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Hans-Werner

Hans-Werner

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Did you consider macro-algae refugiums for trace elements included in All-For-Reef? It is common to have different consumption on Fe, Mo, Iodine.

Since especially iodine consumption is high and quite variable from tank to tank we took a careful iodine dosage mainly based on decades of experience and empiric numbers from literature.

I have changed my mind whether it is better to be careful with iodine dosage or whether it is better to be rather on the high side with iodine dosage since the consumption in the tank can and will adapt by increased growth of organisms needing and consuming iodine.

Since iodine also seems to be an important nutrient for all corals this also applies to corals.

I think in Fe there are contrasting needs of corals and algae and higher Fe dosage would mainly benefit algae.

Judging from our internal ICP analyses from our experimental systems Mo seems to fit quite well and needs no higher dosage. We also have not hint from users that Mo concentration in our trace element additives could be higher.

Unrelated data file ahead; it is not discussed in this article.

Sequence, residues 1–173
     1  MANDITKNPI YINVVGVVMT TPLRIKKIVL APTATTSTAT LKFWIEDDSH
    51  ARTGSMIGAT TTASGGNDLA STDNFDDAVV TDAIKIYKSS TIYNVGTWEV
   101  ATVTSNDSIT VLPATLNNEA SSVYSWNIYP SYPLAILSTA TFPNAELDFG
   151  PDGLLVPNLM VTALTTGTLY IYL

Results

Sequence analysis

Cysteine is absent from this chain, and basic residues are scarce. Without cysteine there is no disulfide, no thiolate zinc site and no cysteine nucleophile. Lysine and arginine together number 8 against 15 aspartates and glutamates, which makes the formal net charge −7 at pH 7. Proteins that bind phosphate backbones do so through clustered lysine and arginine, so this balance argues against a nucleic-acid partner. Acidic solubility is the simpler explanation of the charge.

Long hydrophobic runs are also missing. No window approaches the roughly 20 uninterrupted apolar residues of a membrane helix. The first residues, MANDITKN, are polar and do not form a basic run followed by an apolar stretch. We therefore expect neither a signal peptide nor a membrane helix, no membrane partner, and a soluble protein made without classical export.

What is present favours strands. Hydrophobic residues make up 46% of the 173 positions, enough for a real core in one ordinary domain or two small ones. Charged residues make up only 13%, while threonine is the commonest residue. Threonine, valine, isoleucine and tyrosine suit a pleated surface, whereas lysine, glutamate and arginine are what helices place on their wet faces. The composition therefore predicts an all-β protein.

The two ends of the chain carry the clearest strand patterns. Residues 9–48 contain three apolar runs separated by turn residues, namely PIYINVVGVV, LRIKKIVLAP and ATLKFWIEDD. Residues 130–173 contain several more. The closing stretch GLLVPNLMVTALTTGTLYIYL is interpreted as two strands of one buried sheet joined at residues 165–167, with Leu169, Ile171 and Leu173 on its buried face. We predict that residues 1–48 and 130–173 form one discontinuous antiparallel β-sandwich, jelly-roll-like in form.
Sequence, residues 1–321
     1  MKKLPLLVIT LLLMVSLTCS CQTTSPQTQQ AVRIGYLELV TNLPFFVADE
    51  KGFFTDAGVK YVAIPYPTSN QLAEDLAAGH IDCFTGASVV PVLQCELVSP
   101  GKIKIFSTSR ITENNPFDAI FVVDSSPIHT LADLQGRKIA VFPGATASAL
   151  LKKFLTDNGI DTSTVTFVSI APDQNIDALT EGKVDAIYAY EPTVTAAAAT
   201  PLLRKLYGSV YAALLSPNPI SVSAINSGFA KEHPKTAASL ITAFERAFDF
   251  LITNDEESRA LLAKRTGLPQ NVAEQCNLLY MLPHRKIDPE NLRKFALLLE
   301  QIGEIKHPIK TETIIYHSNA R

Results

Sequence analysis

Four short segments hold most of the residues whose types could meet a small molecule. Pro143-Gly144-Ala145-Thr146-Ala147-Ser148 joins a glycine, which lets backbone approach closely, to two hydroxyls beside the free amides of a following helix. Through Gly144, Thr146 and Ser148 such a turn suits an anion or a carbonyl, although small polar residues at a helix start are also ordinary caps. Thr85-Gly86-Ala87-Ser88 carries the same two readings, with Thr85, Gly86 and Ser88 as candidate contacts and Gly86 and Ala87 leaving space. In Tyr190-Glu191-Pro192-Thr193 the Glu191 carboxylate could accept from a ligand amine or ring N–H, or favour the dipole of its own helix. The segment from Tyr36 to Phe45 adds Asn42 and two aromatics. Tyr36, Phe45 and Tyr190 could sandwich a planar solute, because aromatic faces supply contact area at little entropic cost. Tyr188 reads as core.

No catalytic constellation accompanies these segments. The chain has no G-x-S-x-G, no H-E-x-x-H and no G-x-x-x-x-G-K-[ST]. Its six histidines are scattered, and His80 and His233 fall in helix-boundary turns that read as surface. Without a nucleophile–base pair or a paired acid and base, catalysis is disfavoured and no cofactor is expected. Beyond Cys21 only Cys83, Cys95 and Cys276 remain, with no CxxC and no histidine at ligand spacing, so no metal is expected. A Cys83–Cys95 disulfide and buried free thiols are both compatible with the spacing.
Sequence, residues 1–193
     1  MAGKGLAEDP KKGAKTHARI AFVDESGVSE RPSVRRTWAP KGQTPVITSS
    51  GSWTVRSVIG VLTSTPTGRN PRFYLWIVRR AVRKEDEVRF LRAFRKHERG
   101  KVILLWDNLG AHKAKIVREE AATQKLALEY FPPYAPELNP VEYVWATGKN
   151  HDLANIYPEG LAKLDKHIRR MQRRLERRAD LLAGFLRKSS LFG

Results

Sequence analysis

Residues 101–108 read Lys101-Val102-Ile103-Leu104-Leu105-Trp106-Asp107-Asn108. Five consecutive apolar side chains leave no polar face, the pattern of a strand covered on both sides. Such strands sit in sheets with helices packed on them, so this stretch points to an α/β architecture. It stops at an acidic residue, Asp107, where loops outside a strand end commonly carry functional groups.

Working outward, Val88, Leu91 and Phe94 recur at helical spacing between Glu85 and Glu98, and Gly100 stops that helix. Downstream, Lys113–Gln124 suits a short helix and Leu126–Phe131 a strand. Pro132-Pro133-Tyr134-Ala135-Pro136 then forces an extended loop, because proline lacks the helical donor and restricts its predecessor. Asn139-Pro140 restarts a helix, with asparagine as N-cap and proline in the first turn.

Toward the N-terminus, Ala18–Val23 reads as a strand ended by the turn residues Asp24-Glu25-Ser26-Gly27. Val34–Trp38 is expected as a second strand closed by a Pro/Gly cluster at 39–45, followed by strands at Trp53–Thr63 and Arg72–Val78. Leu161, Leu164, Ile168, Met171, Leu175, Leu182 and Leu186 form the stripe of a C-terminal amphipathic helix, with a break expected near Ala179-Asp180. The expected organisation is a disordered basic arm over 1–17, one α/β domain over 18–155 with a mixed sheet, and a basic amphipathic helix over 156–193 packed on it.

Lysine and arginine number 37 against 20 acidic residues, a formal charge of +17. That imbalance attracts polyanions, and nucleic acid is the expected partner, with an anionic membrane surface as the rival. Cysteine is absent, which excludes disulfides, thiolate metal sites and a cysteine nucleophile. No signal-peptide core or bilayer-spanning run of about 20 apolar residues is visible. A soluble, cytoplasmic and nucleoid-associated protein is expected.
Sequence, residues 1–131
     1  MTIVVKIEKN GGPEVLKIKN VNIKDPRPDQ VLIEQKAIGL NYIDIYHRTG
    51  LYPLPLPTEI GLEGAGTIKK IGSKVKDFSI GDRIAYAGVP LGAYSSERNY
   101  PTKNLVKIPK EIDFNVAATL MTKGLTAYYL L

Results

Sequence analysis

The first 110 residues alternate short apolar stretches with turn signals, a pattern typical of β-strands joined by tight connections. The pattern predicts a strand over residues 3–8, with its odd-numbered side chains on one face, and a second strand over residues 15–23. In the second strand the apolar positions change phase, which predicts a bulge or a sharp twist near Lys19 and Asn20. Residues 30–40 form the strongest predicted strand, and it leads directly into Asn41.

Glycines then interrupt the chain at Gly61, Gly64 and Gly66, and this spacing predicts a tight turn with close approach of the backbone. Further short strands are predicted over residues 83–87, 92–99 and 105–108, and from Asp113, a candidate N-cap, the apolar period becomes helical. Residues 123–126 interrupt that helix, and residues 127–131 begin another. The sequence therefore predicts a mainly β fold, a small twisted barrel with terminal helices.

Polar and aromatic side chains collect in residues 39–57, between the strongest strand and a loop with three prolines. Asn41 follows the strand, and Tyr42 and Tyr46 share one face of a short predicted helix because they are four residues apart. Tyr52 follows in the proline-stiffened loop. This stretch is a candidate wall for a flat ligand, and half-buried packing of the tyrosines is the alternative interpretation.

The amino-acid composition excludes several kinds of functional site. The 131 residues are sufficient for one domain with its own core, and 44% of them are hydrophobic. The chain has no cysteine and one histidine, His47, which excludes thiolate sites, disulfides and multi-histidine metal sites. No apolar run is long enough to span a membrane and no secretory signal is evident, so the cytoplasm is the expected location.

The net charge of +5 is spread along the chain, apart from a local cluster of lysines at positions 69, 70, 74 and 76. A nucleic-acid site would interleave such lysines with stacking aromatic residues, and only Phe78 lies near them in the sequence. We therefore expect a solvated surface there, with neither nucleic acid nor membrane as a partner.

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Hans-Werner

Hans-Werner

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Thank you all for your reactions so far. The poll is still open and we are curious for any further response.
I have already started to do the maths for new formulations. :)
 
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Hans-Werner

Hans-Werner

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so is the iodine actually low ?
... it depends ...;)

Actually the iodine consumption is not very closely coupled to consumption of calcium and alkalinity. All-For-Reef is mainly dosed according to the consumption of calcium and alkalinity.

In tanks harbouring mainly SPS with a high consumption of calcium and alkalinity the iodine supply will be balancing consumption, in many other tanks it may not.